Women now represent 47% of the workforce (as compared to 38% in the 1970s) but only 12% of engineers are female. As a female computer science major, I’ve felt that disparity in classes, in study groups, and when I worked in the tech industry this past summer. When I first heard about The Grace Hopper Celebration of Women in Computing, I was beyond excited. Grace Hopper is the world’s largest computing conference for women, with more than 20,000 attendees each year. Therefore, I was unsurprised to hear that tickets for the conference sold out in a matter of minutes each year. I set myself up with 3 different laptops at work this summer to try to get a ticket. All of this however, would not have been possible without the generous funding of the Yale Computer Science department, which granted me a scholarship to cover the hefty cost of the admission ticket and an extra stipend to cover travel, lodging and food during the 4 day trip.
My travel to the event was certainly not smooth, with a cancelled flight and a 4 hour delay, but once I made it to Houston my experience at the conference made it all worth the travel. The convention center was huge, with dozens of conference rooms, grand ballrooms, and expo halls. One the main floor, there was a large interviewing hall where companies could rent out booths and conduct on-site in person interview with potential candidates. This was a huge part of what made this conference so great- many candidates were able to save themselves a long flight out to the West Coast by attending the conference and interviewing at the same time.
Companies set up extravagant booths in the Expo Hall, with interactive displays like this one!
In the Expo Hall, hundreds of companies set up booths with recruiters, swag, and food. I talked with current employees, learned about job opportunities, and asked about internships – all things that are really difficult to do online. Best of all, I met amazing female software developers, machine learning engineers, data scientists, and technologists. I had never been in a Computer Science related space before where there were more women than men. It was absolutely the best part of the entire conference.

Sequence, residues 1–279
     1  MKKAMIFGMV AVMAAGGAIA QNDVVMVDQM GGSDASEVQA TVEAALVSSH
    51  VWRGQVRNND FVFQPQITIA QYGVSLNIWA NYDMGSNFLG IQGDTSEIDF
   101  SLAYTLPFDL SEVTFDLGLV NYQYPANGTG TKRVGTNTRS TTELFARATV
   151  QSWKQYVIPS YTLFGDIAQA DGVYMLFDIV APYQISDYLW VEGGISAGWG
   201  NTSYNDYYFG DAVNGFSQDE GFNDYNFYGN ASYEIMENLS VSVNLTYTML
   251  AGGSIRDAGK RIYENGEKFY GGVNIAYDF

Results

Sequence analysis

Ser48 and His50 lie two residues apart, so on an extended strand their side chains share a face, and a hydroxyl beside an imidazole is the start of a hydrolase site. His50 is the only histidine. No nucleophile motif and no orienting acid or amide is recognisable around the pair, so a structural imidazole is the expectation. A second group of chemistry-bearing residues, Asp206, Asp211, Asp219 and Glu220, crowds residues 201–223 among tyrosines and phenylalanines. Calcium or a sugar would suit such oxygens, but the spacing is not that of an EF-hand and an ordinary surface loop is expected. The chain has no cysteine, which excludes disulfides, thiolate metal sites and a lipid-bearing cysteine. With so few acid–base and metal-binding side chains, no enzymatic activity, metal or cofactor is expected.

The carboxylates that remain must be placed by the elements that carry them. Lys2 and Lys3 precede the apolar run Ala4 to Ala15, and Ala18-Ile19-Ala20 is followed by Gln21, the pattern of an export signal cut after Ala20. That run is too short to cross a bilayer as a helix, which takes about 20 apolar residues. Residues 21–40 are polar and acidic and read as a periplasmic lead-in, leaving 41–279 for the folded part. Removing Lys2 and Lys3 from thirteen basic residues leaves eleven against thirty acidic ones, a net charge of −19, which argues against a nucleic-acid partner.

There were tons of recruiters at each company’s booth.
On the same floor, there was a poster presentation area and new technology showcase. The poster presentation was a fantastic place to learn more about the research being done by female computer scientists, and showcased a lot of undergraduate research. The new technology showcase consisted of more booths where companies could show off the new hardware and software they had been working on, before it was released to the general public. It was awesome to see so many female technologists presenting and talking about the work that they had done.
At the new technology showcase you could try new products before they were released to the public.
My experience at Grace Hopper completely changed how I see my career, my major, and my existence as a woman in Computer Science. Hearing female CEOs, CTOs, VP’s and founders of companies talk about their journeys on multiple panels, meeting talented female technologists and getting to know my peers better through this conference was one of the most empowering and inspiring experiences I’ve ever had. Instead of seeing myself as a minority, or as someone who exists in the tech world but doesn’t truly belong, I now see myself and other female computer scientists as the future of tech- members of the tech world that are going to innovate, create, and drive change and growth in ways the world has never seen before.